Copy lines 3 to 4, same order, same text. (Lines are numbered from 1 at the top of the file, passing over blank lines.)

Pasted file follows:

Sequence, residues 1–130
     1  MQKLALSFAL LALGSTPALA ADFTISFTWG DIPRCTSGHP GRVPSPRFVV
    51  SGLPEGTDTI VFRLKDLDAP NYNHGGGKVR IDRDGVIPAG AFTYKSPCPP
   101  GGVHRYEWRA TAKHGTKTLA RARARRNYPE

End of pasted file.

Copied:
    51  SGLPEGTDTI VFRLKDLDAP NYNHGGGKVR IDRDGVIPAG AFTYKSPCPP
   101  GGVHRYEWRA TAKHGTKTLA RARARRNYPE